The Reserve Bank of India (RBI) has had enough. Despite lenders’ protestations, the banking regulator believes a complete overhaul in the reporting and resolution structure of bad loans is the need of the hour. So, a reversal of the new, tighter norms it issued in February is unlikely.
This new framework to deal with non-performing assets (NPAs) mandates weekly reporting, requiring banks to recognise the problem instantly, and leaves little room for account jugglery.
Not surprisingly, banks are not too enthused and have reportedly been lobbying for a breather. They are specifically unhappy about classifying a loan as an NPA even if the interest or principal amount is overdue by a day, over and above the 90-day repayment deadline. Usually, they decide on a case-to-case basis, which often helps under-report NPA levels.
However, RBI deputy governor NS Vishwanathan made it clear on April 18 that the regulator refuses to be swayed. The move, he said speaking in Pune, will break the “banker-borrower nexus.”
At a time when the stressed assets in the banking system, as of December 2017, are at 11.90%—out of every Rs100 lent out, Rs11.90 is at the risk of not being recovered—a tough stance is required, the RBI believes.
So here’s a list of issues raised by banks and the central bank’s rebuttal.
NPAs will increase
Banks: The share of soured loans in the sector will reportedly go up by Rs2.8 lakh crore because of the new reporting structure, as per a news report. At a time when banks are burdened with Rs8.41 lakh crore of gross NPAs as of December 2017, this can severely affect their financial health.
RBI: The crux of the NPA problem is the banks’ reluctance to recognise a default on time. “Default in repayment is a lagging, not leading, indicator of financial stress of a borrower…Lenders need to be proactive in monitoring their borrowers and be able to identify financial stress…rather than wait for a borrower to default,” said Vishwanathan.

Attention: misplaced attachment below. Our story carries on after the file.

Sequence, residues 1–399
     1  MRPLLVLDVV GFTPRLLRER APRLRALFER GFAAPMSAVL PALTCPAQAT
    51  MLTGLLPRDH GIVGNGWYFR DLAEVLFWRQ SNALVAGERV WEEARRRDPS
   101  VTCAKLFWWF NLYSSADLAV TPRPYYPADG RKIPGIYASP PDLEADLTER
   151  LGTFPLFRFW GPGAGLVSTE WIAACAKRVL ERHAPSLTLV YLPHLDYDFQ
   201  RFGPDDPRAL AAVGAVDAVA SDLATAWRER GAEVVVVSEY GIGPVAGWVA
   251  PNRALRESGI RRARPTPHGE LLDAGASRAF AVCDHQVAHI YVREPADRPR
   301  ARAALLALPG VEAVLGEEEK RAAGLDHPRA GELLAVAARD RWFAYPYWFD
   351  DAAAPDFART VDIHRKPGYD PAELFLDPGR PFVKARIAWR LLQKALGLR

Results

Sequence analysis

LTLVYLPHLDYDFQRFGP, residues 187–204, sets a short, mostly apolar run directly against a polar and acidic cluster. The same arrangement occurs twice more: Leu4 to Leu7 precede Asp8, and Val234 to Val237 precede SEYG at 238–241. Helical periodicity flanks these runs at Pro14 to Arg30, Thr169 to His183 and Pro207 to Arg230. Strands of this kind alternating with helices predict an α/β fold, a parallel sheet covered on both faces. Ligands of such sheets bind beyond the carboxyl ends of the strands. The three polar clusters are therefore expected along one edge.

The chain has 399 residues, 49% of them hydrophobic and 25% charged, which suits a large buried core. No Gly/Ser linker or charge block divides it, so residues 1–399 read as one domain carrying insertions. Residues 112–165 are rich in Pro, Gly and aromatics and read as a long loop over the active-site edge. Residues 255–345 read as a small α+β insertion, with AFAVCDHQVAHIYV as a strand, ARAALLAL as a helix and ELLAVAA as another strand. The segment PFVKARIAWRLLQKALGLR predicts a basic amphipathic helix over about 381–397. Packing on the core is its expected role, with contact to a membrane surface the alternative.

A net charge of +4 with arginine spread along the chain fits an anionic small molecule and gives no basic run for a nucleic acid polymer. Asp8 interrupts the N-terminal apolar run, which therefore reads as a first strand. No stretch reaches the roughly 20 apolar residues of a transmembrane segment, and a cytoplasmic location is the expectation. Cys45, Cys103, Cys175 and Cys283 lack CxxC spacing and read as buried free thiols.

Deadline too tight
Banks: Lenders believe that at times payments are delayed by a day or two on account of genuine cash flow problems and can be overlooked in certain instances.
RBI: In the capital market, a firm would be severely penalised for repayment delays and, therefore, companies respect deadlines. So Vishwanathan dubbed these concerns “unfounded” and reminded banks that deadlines must remain sacrosanct. Such delays should also be treated as an early-warning signal and the new norms are aimed at correcting credit behaviour.
Banks: The old norms such as the joint lenders’ forum (JLF), corrective action plan, and strategic debt restructuring scheme, under which a resolution plan was earlier arrived at, have been scrapped. This, they say, leaves them with little room to discuss and arrive at a solution for an account where other lenders are involved, too.
RBI: The new norms provide more flexibility to lenders and stressed borrowers as long as they work towards a credible, time-bound resolution plan. For instance, in the JLF structure, all bankers in the consortium had to arrive at the same resolution, which could be challenging. The new regime allows lenders to make plans based on their own risk policies.
Evergreening versus genuine fresh-financing
Banks: Lenders have been resorting to evergreening of loans to delay recognising NPAs. Evergreening refers to the the practice of firms taking up a fresh loan to repay old ones. The new norms strictly prohibit this, which may close the door on firms with genuine business finance needs.
RBI: Vishwanathan explained that fresh-financing isn’t prohibited under the new norms. It’s just that banks must have strict guidelines and no exception must be made for any firm or individual.
The RBI deputy governor also cautioned banks against an excessive focus on retail loans (auto, home, personal loans), a tendency gained in the wake of souring corporate loans. He said banks must avoid this “herd movement.” “There are risks here (in retail), too, that should be properly assessed, priced, and mitigated,” he warned.